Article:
Far be it from me to predict final outcome of the Supreme Court’s final determination on the constitutionality of the Affordable Care Act (ACA). However, based on the arguments from the first two days, it’s looking ugly. My best guess is that they will overturn it, but don’t ask me to bet on it.
With the fate of President Obama’s health care law hanging in the balance, a lawyer for the administration faced a barrage of skeptical questions on Tuesday from four of the Supreme Court’s more conservative justices, suggesting that a 5-to-4 decision to strike down the law was a live possibility.
Predicting the result in any Supreme Court case, much less one that will define the legacies of a president and a chief justice, is nothing like a science, and the case could still turn in various directions. But the available evidence indicated that the heart of the Affordable Care Act is in peril.
The court’s decision is expected by June, and much may change as the justices deliberate and exchange draft opinions in the coming months.
If the indications from Tuesday’s arguments are correct, though, the ruling may undo parts or all of the overhaul of the health insurance system, deal Mr. Obama a political blow in the midst of the presidential election season, and revise the constitutional relationship between the federal government and the states.
The tone on Tuesday made a question to be addressed in the third and final day of arguments on Wednesday all the more important: If the individual mandate requiring most Americans to obtain health insurance or pay a penalty fell, what other parts of the law would fall along with it?
On Tuesday, Justice Anthony M. Kennedy, the court’s swing justice, asked a host of questions indicating discomfort with the law… [emphasis added]
Inserted from <NY Times>
I strongly recommend clicking through for the rest of this article.
Rachel Maddow covered the story in two segments. In the first she questions the credibility of the Court.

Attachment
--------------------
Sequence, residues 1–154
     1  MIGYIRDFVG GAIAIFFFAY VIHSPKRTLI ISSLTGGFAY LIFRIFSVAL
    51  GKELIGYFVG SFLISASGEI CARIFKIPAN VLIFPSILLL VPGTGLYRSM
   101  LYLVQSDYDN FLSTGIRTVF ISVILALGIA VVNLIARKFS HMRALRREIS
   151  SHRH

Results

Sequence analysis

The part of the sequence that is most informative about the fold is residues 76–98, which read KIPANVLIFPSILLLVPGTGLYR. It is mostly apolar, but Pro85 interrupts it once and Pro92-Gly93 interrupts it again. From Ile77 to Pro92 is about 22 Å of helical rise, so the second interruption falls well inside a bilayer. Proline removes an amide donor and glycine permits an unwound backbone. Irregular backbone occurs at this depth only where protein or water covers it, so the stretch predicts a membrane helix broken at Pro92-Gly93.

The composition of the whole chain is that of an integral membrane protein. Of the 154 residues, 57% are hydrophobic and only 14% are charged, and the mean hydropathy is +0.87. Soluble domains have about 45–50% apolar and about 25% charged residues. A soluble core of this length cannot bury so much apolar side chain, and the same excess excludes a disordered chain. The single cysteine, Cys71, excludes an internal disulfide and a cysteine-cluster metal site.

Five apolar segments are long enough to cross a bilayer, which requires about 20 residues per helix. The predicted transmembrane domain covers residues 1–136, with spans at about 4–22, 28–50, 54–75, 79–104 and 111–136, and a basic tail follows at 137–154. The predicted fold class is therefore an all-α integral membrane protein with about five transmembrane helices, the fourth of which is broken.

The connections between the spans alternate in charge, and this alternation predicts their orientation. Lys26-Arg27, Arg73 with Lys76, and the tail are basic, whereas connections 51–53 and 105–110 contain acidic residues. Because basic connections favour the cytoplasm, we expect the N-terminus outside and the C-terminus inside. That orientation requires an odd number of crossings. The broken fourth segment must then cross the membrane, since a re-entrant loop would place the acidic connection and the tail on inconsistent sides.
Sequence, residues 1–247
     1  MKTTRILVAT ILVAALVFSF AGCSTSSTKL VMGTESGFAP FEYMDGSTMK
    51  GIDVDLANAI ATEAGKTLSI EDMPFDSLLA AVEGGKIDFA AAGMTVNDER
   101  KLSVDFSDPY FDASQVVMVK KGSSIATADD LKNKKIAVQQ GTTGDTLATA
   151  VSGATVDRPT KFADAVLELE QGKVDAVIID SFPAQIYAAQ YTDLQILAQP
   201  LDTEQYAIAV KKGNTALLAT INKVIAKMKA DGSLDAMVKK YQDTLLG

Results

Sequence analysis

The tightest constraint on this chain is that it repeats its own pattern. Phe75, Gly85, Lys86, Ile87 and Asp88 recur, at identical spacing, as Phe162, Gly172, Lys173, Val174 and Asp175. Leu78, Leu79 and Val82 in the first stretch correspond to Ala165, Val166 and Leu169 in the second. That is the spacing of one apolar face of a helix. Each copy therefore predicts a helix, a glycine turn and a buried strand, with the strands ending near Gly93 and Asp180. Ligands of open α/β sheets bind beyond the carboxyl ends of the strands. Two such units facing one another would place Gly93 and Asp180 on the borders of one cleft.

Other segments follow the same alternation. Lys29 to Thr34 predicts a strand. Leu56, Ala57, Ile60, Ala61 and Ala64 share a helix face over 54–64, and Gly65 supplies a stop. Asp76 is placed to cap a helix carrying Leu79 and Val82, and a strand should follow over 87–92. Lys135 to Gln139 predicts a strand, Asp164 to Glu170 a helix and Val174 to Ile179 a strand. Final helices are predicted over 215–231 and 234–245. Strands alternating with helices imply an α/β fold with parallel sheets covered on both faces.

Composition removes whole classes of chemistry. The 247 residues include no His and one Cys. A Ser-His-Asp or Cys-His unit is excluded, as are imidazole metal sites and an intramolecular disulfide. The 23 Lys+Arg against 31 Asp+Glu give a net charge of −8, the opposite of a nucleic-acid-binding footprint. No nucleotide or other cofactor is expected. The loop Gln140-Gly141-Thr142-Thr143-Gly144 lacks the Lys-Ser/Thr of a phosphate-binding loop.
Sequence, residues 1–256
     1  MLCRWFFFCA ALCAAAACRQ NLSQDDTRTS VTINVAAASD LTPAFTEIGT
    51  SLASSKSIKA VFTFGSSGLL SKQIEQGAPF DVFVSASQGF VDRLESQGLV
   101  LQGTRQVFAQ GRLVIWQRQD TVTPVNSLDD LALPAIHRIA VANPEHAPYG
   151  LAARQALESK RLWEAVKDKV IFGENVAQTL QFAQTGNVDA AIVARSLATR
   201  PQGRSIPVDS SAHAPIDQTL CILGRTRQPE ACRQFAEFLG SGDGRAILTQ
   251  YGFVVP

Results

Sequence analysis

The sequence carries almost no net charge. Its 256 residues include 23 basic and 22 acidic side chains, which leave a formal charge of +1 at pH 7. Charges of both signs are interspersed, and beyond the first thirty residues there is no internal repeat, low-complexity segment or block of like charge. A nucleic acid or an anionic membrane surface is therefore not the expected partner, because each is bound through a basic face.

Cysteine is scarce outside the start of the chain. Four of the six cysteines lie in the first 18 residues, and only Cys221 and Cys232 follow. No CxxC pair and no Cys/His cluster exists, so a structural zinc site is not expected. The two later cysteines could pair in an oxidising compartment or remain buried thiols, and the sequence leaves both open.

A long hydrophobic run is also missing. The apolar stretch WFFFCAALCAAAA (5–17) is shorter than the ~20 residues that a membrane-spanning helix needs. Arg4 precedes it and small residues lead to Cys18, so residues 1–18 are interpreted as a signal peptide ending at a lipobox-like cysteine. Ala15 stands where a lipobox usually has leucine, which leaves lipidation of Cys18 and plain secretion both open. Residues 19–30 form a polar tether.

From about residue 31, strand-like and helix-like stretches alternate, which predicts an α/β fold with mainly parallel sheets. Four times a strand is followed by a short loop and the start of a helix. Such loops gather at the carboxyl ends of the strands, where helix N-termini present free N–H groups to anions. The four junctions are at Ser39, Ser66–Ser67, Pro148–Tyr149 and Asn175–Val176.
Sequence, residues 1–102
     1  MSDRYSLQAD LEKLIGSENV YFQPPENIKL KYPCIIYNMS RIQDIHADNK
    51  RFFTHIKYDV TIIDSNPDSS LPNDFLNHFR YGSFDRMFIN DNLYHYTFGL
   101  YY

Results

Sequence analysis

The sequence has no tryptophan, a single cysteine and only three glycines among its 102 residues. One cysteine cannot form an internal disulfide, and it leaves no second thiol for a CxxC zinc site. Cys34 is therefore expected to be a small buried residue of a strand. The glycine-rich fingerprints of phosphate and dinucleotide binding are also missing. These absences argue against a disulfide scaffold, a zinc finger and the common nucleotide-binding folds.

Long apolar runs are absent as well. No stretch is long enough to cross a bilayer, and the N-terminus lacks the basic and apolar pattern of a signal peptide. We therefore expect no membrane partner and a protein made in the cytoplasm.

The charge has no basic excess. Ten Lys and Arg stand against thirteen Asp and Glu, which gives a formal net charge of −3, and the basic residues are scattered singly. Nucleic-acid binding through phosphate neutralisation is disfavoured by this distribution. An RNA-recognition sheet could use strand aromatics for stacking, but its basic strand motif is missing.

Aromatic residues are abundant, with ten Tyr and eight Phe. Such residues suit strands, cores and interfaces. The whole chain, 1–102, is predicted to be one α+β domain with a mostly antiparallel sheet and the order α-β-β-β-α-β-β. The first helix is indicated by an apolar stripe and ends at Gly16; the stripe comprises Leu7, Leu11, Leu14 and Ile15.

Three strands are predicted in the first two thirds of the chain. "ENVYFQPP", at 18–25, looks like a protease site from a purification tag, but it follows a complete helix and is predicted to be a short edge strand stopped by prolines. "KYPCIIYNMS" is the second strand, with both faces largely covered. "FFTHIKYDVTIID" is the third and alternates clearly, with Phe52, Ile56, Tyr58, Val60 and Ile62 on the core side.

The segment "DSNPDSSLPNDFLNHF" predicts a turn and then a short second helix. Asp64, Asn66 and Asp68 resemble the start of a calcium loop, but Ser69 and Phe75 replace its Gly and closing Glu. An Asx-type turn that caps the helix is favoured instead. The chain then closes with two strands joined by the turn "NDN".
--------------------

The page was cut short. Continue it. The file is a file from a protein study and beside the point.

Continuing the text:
Imagine what might have happened had Bush and the Republicans not been enabled to steal the 2000 election. A more competent administration would not have ignored the warnings, so 9/11 probably would never have happened. We might have avoided war in Afghanistan and Iraq, the ‘War on Terror’, torture and all the other fascist trappings of the Republican Bush Regime. But Rachel was right. Florida could not have been stolen had not the vote been so close. This not only pertains to the Republican War on Voting Rights, that Rachel discusses, but also, on the danger inherent in lefties voting for third-party candidates.
In case, you’re wondering about “broccoli”, Republicans (and the right wing Injustices) are trying to compare health insurance with broccoli, saying that people should have a choice on whether or not to buy broccoli. The argument is absurd. Nothing forces people into the broccoli market, but illness and injury force people into the health care market all the time. Virtually everyone finds themselves in the health care market at some time in their lives. That makes health care unlike markets governed completely by preference, such as the broccoli market.
In the second, Rachel and Dahlia Lithwick discuss the arguments and the role of public opinion.
As things stand now we have a system where people who choose not to buy health insurance get emergency room care that the rest of us pay for. The individual mandate simply requires that everyone take responsibility for their own care and makes provision for those unable to do it for themselves.